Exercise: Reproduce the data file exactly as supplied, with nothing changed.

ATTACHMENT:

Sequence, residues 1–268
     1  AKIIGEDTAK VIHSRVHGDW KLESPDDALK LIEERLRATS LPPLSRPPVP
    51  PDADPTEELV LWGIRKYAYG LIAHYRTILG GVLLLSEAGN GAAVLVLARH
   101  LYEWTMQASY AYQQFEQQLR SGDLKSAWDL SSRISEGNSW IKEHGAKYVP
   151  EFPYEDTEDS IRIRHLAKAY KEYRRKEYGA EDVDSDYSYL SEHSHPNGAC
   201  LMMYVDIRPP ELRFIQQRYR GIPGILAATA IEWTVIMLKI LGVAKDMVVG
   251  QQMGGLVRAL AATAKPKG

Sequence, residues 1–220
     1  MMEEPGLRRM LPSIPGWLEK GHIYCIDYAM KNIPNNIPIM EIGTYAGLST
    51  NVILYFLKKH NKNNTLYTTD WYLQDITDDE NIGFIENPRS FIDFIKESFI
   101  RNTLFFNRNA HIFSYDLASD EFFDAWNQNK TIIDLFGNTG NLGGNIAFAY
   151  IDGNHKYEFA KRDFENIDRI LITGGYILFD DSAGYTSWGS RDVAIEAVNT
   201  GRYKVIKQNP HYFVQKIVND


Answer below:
Sequence, residues 1–268
     1  AKIIGEDTAK VIHSRVHGDW KLESPDDALK LIEERLRATS LPPLSRPPVP
    51  PDADPTEELV LWGIRKYAYG LIAHYRTILG GVLLLSEAGN GAAVLVLARH
   101  LYEWTMQASY AYQQFEQQLR SGDLKSAWDL SSRISEGNSW IKEHGAKYVP
   151  EFPYEDTEDS IRIRHLAKAY KEYRRKEYGA EDVDSDYSYL SEHSHPNGAC
   201  LMMYVDIRPP ELRFIQQRYR GIPGILAATA IEWTVIMLKI LGVAKDMVVG
   251  QQMGGLVRAL AATAKPKG

Sequence, residues 1–220
     1  MMEEPGLRRM LPSIPGWLEK GHIYCIDYAM KNIPNNIPIM EIGTYAGLST
    51  NVILYFLKKH NKNNTLYTTD WYLQDITDDE NIGFIENPRS FIDFIKESFI
   101  RNTLFFNRNA HIFSYDLASD EFFDAWNQNK TIIDLFGNTG NLGGNIAFAY
   151  IDGNHKYEFA KRDFENIDRI LITGGYILFD DSAGYTSWGS RDVAIEAVNT
   201  GRYKVIKQNP HYFVQKIVND